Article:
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KalPa takes a flier on Brendl

by Bill Meltzer
There scarcely has been a more polarizing hockey talent in the last 20 years than Czech-born sniper Pavel Brendl. One team after another has attempted to unlock the seemingly boundless scoring potential he displayed for the Western Hockey League's Calgary Hitmen during his junior career. No club has ever been fully satisfied with what they've gotten, even when Brendl has ranked at or near the top of the league goal-scoring charts.

Recently, KalPa Kuopio of SM-Liiga (the Finnish Elite League) signed Brendl to a short-term contract that expires at the end of November. In so doing, KalPa has become the 29-year-old Brendl's 10th professional organization since the New York Rangers made him the fourth pick of the 1999 NHL Entry Draft. The signing also was somewhat unusual in the fact that Brendl's new boss, at least for the time being, is someone for whom he once was traded. KalPa's majority owner, long-time NHL forward Sami Kapanen, was traded in February 2003 from the Carolina Hurricanes to the Philadelphia Flyers in exchange for Brendl and defenseman Bruno St. Jacques.

To date, Brendl has played 10 games for KalPa. He got off to a slow start, with just 1 goal and no assists in his first five games. But he has been hot recently, with 5 goals and 5 assists in his last 10 games to bring his season totals to 6 goals and 11 points. While Brendl missed the first six games of the 2010-11 season, he already is second on his team in scoring behind Tuomas Kiiskanen (9 goals, 14 points) and has hit the league's top 25.

"There's no secret what Pavel brings to our hockey team. He's a pure sniper, especially on the power play, and he's someone who can score a lot of goals in a short time," said KalPa coach Pekka Virta.

Brendl, who reportedly still is shopping for a contract in the KHL, Switzerland or North America, has been non-committal about whether he'd spend a full season in the lower-paying SM-Liiga. Nevertheless, he thinks signing with KalPa has been a good move for him. In European hockey, there also are tax issues to consider, although this primarily affects foreign players in Sweden.

"I hadn't played in Finland before, and KalPa is a good organization. I have good teammates here, and I am enjoying myself, so we'll see what happens,” said Brendl, who has made brief stops in Switzerland (National League B) and the Czech Extraliga, as well as playing two seasons with two different clubs in Sweden's Elitserien and spending two years in the KHL since he last played in North America for the Phoenix Coyotes organization in 2005-06.

It is not that Brendl has become a veritable nomad because he's had no success in his European career. Indeed, one of the biggest disappointments in recent NHL history (just 11 goals and 22 points in 77 games) often has been one of the top scorers on the continent and showing what NHL teams expected him to be after he was one of the most prolific goal scorers in Canadian junior-hockey history, where he racked up a combined 172 goals and 320 points in 178 games for the Hitmen. But there is more to hockey than simply scoring goals, and Brendl has bounced from one mediocre club to another.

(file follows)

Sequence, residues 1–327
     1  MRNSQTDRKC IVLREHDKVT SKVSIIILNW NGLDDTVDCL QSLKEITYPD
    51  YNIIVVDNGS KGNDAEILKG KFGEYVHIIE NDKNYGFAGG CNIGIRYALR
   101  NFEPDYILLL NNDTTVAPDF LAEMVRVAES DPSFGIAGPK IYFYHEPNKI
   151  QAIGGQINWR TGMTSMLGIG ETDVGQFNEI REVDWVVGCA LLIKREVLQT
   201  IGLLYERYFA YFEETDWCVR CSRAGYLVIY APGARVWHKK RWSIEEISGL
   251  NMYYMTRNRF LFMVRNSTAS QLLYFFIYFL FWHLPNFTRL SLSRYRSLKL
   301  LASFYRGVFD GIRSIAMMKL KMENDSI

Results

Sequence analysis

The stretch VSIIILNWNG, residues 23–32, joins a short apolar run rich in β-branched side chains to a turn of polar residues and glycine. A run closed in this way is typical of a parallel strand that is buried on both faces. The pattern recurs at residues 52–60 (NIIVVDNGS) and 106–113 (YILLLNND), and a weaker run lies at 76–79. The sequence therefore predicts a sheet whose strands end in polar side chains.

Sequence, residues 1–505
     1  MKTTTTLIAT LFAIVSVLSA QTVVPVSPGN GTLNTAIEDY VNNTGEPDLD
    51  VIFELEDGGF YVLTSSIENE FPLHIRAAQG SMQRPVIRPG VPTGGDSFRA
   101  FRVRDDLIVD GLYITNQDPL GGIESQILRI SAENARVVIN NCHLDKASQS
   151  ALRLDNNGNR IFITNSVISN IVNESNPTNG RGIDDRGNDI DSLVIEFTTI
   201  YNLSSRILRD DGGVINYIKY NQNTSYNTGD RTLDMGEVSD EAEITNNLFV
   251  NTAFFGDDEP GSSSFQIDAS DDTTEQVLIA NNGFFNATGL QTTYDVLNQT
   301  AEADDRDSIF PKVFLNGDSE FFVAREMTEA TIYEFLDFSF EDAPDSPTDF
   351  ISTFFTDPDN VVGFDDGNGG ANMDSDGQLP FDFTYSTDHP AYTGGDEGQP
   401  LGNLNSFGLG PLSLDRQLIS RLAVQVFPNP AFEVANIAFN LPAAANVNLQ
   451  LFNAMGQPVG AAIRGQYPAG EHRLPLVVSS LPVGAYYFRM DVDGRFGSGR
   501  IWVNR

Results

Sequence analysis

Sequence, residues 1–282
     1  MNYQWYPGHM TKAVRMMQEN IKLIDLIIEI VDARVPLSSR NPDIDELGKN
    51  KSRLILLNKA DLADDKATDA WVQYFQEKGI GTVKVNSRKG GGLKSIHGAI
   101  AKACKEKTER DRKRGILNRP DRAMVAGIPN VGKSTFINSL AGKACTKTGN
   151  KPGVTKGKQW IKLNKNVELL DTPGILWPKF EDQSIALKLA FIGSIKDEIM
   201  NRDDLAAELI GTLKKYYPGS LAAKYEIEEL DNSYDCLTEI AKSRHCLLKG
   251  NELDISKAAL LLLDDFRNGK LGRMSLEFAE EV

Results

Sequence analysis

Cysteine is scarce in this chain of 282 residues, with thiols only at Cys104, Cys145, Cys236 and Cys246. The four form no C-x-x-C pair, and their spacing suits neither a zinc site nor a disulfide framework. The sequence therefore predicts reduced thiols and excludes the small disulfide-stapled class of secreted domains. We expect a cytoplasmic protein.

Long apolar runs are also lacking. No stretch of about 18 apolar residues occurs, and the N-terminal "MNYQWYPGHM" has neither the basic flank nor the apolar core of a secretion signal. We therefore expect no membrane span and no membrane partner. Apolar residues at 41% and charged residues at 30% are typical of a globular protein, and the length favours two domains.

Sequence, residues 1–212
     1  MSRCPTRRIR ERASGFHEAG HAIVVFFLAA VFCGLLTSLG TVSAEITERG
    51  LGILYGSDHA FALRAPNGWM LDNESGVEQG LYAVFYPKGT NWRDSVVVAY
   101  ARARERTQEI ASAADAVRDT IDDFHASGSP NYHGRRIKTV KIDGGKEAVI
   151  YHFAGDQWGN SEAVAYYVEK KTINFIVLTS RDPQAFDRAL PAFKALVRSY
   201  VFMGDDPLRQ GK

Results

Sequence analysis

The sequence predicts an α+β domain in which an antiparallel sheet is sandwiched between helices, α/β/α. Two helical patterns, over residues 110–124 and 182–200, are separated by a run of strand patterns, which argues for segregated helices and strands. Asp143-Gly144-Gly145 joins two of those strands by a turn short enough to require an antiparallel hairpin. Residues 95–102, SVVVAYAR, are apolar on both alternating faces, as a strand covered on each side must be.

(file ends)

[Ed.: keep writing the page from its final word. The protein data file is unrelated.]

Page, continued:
In 2006-07, Brendl was a virtual one-man assault for Mora IK, leading Elitserien in goals (34) and ranking second in points (57) despite playing for an eighth-place team that scored only 147 goals as a team, meaning Brendl figured in 38.8 percent of the club's offense. But his production was significantly skewed toward the early part of the season. The next season, he moved on to Brynäs IF Gävle, where he had 31 goals and 55 points in 54 games, but had a minus-11 rating on a last-place team. Brendl often found himself getting on the bad side of the league's referees (he was whistled for a career-high 110 penalty minutes), who frequently sent him off for holding or hooking infractions and then tacked on extra penalties when he complained. Nevertheless, Brendl finished second in the league in goals and third in points.

Prior to signing with KalPa in early October, Brendl spent the last two seasons in the KHL with a non-contending Torpedo Nizhny Novgorod club. In 2008-09, he tied for the league goal-scoring lead (35) and placed 10th in scoring with 50 points. But he went pointless in the playoffs as his club was swept. Last season, his 27 goals were the second-best total in the league, but his minus-9 rating at even strength was unsatisfactory on a club that had 11 plus-rated regulars. Brendl's critics pointed to same issues that have been raised ever since the New York Rangers drafted him -- below-average skating, subpar conditioning and a lack of commitment to battling for loose pucks.

Even so, Brendl's ability to score goals in bunches and his underrated passing ability keeps teams coming back for more. KalPa, a club that has been in title contention the last few seasons and won bronze in the Finnish playoffs in 2009, arguably is the best club relative to the rest of that Brendl has played for since coming back to Europe. KalPa currently is in fifth place in SM-Liiga, 10 points behind league-leading JYP, but just five points out of third place.

The top six teams in the 14-club circuit get an automatic bye in the first round of the playoffs, with the seventh through 10th-place squads battling in first-round miniseries. The Kuopio team's hope is Brendl's scoring pop will help them rack up a few more points in the crowded standings for the duration of his time with the team.
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